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Well, "Mahound" was a term of contempt used by the Crusaders, and in medieval Christian mystery plays, to animadvert Mohammed; he is always a satanic figure.
This fashionable taste for the foreign was considered a 'deviation from common sense' which did not 'pass unnoticed by Garrick who, in his Prologue to Taste, in the character of Peter Puff (the auctioneer) animadverts upon it with much truth and some humour' (416-7).
His Fortune is no fairy, but an instrument of Divine Providence; in his preface to the reader he animadverts the 'childish and superfluous inventions, intermingled also with some sparks of prophane superstition' that he found in his source (Combe, sig.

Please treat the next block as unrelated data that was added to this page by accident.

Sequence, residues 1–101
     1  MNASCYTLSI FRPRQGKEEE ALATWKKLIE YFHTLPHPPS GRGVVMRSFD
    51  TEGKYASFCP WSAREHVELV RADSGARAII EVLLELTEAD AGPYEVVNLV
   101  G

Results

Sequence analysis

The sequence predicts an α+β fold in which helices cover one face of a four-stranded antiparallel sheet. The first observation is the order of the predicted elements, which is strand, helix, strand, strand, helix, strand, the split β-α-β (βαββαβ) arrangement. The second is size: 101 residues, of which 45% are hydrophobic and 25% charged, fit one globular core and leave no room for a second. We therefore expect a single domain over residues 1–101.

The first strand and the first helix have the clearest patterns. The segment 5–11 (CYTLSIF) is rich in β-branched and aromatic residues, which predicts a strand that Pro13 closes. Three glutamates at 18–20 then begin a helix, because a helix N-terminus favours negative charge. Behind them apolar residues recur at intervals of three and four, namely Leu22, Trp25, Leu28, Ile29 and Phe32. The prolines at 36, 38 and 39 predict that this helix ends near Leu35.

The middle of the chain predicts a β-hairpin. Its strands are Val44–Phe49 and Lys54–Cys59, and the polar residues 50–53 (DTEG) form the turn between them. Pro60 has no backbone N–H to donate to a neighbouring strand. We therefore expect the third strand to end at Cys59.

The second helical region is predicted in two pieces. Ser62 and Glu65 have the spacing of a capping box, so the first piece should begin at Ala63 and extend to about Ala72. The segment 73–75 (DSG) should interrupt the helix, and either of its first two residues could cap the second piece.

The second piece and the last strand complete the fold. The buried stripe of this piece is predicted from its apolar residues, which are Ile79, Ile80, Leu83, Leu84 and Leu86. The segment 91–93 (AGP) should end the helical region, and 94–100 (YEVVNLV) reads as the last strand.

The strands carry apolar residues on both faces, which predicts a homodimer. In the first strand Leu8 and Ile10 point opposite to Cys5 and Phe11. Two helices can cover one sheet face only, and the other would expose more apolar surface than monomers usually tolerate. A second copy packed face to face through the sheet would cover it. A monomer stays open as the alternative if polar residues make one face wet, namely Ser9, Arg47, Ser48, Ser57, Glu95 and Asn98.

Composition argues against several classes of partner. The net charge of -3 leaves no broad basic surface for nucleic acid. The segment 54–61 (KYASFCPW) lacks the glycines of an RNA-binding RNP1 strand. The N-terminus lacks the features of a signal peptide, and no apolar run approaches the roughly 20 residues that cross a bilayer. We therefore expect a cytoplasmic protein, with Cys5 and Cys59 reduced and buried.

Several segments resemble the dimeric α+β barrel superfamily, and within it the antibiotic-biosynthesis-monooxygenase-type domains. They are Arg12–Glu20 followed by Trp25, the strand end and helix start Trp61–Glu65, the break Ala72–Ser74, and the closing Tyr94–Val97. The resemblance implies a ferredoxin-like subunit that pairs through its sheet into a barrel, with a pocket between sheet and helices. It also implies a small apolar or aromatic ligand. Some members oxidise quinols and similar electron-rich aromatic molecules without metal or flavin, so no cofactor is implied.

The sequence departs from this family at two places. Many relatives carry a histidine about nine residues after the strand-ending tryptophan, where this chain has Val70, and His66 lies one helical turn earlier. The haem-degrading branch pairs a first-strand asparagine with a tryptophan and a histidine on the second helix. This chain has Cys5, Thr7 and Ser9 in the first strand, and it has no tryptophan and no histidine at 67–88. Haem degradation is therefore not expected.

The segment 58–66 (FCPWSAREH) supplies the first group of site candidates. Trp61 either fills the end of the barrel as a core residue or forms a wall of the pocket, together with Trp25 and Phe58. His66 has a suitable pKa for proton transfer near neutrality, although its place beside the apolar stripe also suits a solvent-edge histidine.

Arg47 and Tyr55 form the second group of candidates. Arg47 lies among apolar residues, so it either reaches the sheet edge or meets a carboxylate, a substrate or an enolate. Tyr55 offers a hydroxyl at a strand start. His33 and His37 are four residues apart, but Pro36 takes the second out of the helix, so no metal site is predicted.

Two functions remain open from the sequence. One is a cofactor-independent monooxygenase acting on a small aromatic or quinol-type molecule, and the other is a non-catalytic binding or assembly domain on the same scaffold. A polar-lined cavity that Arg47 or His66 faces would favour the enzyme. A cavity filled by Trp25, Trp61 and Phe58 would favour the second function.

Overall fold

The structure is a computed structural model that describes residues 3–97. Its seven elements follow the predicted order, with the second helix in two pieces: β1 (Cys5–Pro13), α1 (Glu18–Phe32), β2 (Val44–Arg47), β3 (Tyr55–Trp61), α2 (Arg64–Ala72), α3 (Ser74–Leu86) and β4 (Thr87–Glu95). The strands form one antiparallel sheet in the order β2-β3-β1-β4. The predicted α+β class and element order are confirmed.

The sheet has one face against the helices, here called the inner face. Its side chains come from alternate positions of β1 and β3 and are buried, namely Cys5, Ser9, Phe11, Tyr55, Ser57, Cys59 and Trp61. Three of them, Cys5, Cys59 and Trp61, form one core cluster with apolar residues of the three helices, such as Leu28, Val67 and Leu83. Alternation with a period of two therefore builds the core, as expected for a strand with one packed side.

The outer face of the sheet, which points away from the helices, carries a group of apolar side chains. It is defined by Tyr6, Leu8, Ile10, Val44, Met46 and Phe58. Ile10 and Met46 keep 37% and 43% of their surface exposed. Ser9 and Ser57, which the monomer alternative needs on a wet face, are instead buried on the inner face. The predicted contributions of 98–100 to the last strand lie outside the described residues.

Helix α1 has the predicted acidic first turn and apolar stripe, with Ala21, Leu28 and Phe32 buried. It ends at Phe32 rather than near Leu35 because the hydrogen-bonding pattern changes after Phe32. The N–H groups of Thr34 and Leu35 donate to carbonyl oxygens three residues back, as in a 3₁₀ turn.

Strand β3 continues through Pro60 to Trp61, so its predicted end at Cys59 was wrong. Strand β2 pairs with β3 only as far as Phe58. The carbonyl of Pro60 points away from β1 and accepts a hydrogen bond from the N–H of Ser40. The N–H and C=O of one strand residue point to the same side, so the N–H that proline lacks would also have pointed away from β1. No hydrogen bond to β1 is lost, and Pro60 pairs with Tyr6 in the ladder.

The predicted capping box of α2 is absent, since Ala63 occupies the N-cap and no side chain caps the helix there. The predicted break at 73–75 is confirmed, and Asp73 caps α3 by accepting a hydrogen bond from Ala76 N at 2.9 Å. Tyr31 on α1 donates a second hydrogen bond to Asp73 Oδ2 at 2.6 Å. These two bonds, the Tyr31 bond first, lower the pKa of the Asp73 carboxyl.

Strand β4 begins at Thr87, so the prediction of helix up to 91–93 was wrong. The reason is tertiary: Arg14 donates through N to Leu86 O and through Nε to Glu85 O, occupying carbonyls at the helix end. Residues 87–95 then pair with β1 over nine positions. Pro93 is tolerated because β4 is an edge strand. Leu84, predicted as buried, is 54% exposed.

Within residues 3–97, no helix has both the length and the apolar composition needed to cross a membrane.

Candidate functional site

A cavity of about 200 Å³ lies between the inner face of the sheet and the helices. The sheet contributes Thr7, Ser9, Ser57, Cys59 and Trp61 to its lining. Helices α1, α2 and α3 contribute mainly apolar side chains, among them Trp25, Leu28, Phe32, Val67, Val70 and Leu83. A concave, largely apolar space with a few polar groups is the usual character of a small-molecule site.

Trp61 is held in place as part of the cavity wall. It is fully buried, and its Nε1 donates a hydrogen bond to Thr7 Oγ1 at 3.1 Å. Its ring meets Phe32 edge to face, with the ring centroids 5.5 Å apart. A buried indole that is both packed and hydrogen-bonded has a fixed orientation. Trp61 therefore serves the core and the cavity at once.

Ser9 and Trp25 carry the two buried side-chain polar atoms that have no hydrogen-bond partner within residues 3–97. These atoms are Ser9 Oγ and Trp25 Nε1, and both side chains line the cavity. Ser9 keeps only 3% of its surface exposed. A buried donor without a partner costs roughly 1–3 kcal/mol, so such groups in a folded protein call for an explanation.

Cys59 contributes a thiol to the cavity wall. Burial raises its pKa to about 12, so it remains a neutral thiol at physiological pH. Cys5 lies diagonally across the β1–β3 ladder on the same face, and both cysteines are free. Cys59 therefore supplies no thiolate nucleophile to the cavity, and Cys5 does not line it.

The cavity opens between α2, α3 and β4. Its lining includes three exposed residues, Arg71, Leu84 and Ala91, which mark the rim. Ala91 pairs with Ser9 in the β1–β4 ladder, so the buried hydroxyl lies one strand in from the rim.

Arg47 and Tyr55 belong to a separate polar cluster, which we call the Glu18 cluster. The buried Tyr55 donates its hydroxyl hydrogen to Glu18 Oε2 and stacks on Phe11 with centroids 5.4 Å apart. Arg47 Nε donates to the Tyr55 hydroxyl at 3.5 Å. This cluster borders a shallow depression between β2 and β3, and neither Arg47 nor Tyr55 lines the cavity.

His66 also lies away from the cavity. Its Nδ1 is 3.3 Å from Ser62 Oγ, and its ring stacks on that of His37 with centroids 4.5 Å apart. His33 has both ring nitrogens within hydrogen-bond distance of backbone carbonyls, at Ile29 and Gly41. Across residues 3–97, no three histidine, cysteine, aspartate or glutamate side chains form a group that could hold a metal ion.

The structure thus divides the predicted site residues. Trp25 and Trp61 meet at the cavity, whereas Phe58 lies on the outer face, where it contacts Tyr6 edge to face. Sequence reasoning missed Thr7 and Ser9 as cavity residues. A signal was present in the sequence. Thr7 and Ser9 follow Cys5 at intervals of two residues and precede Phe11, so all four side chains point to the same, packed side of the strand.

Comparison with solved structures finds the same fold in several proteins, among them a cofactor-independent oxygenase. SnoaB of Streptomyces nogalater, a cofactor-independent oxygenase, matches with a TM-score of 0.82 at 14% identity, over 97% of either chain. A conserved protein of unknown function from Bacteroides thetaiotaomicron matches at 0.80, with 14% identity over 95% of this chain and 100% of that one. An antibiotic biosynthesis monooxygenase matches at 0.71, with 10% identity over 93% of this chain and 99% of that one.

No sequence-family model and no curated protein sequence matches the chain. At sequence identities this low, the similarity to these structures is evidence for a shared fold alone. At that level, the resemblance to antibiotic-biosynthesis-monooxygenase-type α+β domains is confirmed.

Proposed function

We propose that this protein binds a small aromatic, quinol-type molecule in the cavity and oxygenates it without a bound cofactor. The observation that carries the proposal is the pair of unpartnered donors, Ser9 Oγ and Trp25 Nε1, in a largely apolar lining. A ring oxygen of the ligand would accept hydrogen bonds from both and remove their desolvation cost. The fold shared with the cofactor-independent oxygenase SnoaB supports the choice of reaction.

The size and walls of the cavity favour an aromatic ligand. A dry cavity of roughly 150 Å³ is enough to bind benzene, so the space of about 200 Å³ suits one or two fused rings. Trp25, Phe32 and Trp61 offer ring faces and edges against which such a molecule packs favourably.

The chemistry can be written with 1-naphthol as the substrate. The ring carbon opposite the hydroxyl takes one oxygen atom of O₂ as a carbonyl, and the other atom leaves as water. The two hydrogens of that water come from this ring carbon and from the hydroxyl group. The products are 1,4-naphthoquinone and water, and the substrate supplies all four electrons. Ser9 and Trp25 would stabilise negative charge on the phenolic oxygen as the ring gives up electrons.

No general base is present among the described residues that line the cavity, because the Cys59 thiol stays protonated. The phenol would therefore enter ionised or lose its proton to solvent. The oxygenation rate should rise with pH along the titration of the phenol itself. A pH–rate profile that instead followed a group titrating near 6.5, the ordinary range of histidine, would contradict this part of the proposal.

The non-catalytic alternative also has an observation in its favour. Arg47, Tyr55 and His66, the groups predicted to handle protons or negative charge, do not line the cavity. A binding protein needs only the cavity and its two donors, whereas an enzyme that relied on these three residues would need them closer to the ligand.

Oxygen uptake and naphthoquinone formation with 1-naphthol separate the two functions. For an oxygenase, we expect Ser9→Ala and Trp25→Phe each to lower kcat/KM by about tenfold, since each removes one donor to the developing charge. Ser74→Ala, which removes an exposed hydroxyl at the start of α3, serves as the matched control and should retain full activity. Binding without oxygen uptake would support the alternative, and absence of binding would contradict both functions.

KS also darkly animadverts on the absence of support from Farmer, Steevens, and Malone.
In this," Untermeyer animadverts, "he reminds the reader of his more illustrious forerunners, especially of one whose background is contiguous.
She was more concerned with social gossip and even the weather; she animadverts on such matters as the obstruction created by ladies 'air Balloon hats' and the extramural activities of the Prince of Wales ('appeared as if he was drunk he was five or six times in and out of the Pitt'; January 1784).